Once you have the data, it can also be difficult to make sure it is being used in a truly value-adding way. Analytics is important to get actionable insights from the raw data. Another tip is to pair each insight gleaned with a recommended next step. This can help ensure strategies don’t become siloed and the insights actually reach decision makers.


Finding the right competitors

Another question is how to know which competitors to benchmark against when starting out. It can certainly be tricky to find competitors and to know when you have identified the most important ones. Equally, there can often be less direct competitors which are still useful to include in your benchmarking. It is generally recommended that companies use a mix of direct and indirect competitors.



Can technology help with market intelligence?

Companies can use technology to mitigate some of these challenges and accelerate their market intelligence strategy. For example, an AI-driven tool can significantly speed up the data collection process and help capture a more comprehensive mapping and analysis. If market intelligence is like a telescope, then by using AI for this process you’re upgrading from a garden telescope to the Gran Telescopio Canarias.




So you never need to worry about missing part of the market.


Other advantages include:

  • Rapidly accelerating the market research process, enabling more high-quality data to be collected in a fraction of the time;
  • Improving access to innovation;
  • Enabling deeper personalisation.

For a more specific example of how technology, can be used to accelerate and improve the quality of research, this report by IDC explores the advantages of using AI in the procurement space.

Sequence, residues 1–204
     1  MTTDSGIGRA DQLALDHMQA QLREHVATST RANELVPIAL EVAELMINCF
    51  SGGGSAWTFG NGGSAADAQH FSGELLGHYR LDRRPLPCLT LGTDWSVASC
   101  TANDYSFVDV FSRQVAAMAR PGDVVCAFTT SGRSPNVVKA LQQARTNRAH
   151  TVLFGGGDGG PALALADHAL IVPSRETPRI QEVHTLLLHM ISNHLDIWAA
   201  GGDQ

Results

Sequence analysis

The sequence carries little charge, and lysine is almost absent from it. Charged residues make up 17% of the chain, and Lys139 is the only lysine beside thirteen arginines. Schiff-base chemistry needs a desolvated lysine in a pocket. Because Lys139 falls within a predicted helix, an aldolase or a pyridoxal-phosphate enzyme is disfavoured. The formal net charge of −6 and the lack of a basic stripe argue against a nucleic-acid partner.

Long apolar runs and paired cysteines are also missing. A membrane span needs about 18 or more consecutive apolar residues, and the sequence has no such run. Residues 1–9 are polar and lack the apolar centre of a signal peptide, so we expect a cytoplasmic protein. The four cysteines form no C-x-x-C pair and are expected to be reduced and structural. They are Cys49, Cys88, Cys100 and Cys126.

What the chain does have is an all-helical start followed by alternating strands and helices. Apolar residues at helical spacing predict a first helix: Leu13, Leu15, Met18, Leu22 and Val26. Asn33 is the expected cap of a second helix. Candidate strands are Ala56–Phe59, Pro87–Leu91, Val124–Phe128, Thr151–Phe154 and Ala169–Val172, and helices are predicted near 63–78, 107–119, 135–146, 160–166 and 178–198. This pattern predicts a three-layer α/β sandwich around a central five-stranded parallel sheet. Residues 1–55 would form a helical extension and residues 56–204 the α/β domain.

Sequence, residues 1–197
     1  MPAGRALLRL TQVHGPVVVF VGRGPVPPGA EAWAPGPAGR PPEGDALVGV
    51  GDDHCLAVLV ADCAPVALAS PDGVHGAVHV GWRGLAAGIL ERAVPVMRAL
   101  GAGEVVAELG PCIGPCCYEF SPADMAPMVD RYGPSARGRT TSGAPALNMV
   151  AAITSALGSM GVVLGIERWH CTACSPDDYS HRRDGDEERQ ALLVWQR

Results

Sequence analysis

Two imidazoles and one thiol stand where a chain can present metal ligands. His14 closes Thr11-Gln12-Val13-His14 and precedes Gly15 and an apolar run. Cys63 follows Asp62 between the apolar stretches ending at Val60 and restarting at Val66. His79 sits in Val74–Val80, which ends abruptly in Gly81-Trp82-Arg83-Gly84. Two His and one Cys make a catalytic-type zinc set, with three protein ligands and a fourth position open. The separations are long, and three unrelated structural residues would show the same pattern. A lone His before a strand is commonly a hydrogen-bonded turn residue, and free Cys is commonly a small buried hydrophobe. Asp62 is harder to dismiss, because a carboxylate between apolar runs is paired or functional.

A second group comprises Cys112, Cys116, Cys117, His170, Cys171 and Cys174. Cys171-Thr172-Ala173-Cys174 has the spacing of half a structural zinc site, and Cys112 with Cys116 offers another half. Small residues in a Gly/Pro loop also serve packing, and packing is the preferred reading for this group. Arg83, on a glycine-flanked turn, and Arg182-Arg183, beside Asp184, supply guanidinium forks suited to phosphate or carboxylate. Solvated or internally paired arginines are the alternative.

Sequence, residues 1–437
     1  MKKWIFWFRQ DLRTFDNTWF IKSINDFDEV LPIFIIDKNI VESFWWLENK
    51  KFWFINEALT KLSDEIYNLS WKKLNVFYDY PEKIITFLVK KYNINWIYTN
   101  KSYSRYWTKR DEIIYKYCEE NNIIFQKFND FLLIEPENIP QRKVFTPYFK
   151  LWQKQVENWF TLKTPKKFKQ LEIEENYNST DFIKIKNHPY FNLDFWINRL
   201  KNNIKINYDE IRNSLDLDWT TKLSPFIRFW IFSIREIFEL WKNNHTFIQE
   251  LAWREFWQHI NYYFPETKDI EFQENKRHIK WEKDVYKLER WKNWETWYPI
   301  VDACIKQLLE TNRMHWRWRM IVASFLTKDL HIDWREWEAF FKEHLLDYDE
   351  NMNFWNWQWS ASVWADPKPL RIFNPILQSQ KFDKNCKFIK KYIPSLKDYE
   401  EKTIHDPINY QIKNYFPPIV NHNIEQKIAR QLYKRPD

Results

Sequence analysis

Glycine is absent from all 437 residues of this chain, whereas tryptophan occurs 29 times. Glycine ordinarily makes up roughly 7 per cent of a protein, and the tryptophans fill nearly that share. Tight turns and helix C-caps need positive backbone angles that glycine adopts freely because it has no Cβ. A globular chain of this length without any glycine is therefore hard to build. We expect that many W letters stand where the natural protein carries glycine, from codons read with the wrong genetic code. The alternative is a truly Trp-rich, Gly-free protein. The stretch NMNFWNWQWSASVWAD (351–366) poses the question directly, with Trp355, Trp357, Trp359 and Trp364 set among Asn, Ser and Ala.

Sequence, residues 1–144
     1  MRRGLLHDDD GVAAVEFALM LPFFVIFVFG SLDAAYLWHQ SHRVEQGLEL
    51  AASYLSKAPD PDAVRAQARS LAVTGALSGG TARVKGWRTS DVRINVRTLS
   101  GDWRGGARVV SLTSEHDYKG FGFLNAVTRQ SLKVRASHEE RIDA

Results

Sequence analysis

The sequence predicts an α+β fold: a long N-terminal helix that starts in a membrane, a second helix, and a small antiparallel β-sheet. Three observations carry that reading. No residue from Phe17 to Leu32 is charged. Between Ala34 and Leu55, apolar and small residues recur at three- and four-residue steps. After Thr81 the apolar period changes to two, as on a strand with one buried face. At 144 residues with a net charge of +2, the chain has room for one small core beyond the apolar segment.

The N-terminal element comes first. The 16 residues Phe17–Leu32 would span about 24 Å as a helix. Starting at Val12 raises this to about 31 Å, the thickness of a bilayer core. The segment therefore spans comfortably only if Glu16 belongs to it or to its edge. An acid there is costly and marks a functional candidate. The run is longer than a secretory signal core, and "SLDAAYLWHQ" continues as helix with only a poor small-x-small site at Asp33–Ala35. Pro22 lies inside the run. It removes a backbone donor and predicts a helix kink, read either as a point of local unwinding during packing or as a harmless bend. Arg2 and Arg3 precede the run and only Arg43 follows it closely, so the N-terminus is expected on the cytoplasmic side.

Market intelligence tips

To end, let’s take a look at some tips to keep in mind when starting out your market intelligence strategy. 


Don’t stop digging

Market intelligence should always be ongoing. It’s not a process which has a finite end point and there’s no moment when your market intelligence is ‘done’. The market is constantly shifting, driven by changing consumer trends, prices, new competitors, suppliers and innovative technologies to leverage. All of these trends and factors will continue to constantly evolve, meaning the data you are using to make your decisions now will quickly become outdated. In order to make sure your decisions are being made using information which reflects the state of the market now, you need to be prepared to constantly review and refresh your data. So your market intelligence strategy should be as dynamic as the markets you are studying.


Your market intelligence strategy should be as dynamic as the markets you are studying.



Use data to reduce bias

Having reliable, trustworthy data is crucial to a successful market intelligence strategy. Looking to your past sales and performance is not enough to gain an accurate prediction of which strategies to implement going forward. Equally, it can be tempting to rely too heavily on on-the-ground analysts with strong opinions about a specific local context. While these can be a hugely valuable tool for understanding a specific local area, they can be too narrow and miss key bigger picture insights if viewed in isolation. Instead, it is crucial to take a big step back and supplement this with bigger picture global metrics situated in the wider operating environment and over a longer time period.



We hope you’re ready to go with a market intelligence strategy. Grab your telescope and search for those stars.